Asked to comment, city staff provided an updated FAQ website with statements about the project.

The city promises the A’s would be on the hook to reimburse the city for ballpark events while funding infrastructure maintenance, and said grants and project-generated revenues would fund infrastructure, parks and affordable housing. An enhanced financing district (EIFD) — a strategy to fund construction by using money the project generates from property tax revenue — would be used to prevent using general funds. City staff claim that property tax revenue will fund about 1,000 units of affordable housing and generate around $3.8 million annually.

The Board of Port Commissioners voted unanimously in 2019 to support terms with the A’s proposal. The Bay Area Regional Building Trades Councils and other unions have voiced support for the project’s promise to add thousands of union construction jobs. Some Oakland residents spoke in previous City Council meetings arguing that the project will make West Oakland a “destination” in the Bay.


Not everyone on the Council is in favor. The stadium would be built in Councilmember Carroll Fife’s district, and Fife and Councilmember Noel Gallo voted against certifying the EIR, according to news source The Oaklandside.

After an April 29 strike when teachers and longshore workers shut down schools and the Port — protesting school closures and the Howard Terminal project — Fife and Councilmembers Sheng Tao and Nikki Fortunato Bas proposed a feasibility study on using an EIFD for affordable housing in Oakland. The Finance Committee received a report from Kosmont Companies in April.

Fife said in an email she has received more than 1,000 letters from residents wanting the A’s to stay in East Oakland, and said “I want to see an unbiased report on future impacts to the Port Industry. I want clear answers about the financial and social impact this project will have on Oakland residents over time.”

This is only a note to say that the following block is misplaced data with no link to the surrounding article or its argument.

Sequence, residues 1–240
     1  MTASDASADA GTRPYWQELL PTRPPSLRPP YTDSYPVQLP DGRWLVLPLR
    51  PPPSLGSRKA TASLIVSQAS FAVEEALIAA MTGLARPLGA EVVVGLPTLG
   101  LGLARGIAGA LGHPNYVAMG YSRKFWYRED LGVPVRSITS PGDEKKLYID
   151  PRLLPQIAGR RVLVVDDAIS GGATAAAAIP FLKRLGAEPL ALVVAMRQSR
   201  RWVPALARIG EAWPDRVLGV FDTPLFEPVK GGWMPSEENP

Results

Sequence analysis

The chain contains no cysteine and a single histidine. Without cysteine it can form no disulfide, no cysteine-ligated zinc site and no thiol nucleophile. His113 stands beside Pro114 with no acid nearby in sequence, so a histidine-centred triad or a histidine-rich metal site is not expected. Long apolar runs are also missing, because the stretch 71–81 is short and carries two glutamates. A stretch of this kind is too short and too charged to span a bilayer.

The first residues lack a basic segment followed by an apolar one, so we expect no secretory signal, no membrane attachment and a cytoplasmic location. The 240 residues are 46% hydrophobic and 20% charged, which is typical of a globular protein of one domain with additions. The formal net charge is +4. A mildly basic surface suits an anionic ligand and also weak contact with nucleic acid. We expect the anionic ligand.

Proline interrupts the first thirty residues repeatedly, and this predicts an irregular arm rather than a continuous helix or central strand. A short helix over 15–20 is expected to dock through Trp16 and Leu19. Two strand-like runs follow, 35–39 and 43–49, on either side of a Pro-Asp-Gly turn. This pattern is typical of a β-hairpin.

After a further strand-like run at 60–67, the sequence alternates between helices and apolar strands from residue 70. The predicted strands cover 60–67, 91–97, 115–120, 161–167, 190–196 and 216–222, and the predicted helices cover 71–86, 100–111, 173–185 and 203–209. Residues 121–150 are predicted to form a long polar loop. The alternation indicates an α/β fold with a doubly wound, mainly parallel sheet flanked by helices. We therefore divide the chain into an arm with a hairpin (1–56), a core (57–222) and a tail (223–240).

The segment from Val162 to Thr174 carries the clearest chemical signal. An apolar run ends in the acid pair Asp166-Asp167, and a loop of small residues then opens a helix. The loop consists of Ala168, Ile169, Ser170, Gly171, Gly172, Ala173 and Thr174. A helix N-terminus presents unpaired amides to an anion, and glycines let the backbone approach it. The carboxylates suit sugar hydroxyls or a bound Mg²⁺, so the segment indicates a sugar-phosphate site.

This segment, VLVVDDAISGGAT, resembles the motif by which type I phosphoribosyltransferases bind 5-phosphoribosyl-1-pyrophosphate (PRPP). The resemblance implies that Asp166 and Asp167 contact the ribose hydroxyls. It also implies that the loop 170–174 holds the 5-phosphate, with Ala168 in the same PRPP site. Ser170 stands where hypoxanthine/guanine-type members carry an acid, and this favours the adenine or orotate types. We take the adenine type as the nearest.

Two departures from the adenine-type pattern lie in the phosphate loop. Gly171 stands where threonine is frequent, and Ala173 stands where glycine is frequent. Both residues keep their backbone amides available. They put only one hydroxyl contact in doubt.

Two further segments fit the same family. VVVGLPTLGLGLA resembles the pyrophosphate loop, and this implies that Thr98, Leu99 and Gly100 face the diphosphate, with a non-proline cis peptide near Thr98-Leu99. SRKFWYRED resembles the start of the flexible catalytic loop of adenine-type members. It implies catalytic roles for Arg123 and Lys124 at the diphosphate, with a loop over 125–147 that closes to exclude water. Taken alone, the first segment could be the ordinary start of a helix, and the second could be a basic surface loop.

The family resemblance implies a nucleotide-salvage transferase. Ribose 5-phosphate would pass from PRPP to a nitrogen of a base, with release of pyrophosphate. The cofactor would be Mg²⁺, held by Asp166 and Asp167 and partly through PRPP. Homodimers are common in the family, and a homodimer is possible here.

“‘I believe that most billionaires could develop affordable housing if they wanted to,” she said. “Instead, working residents, property owners and tourists are taxed to provide for the majority needs of a city while the wealth of the billionaire class creates more wealth, power and influence concentrated in the hands of a few. This is a business deal and the A’s are trying to maximize their bottom line.”

Multiple government agencies would have to sign off on the project. The county Board of Supervisors must vote to “opt in” to fund the project, or else it is “a dead deal,” according to city staff. 

The A’s have not stopped exploring other options. According to Las Vegas Review-Journal, the A’s have considered more than 20 sites for a ballpark on or near the Las Vegas strip.

Kaval said via email that Major League Baseball instructed the team to explore the Las Vegas market “while we continue to pursue a waterfront ballpark in Oakland.”

“The Coliseum does not fit into MLB's long-term strategy for baseball,” he wrote. “Our lease at the Coliseum is only through the 2024 season. A new facility is necessary to compete at the top level of MLB.”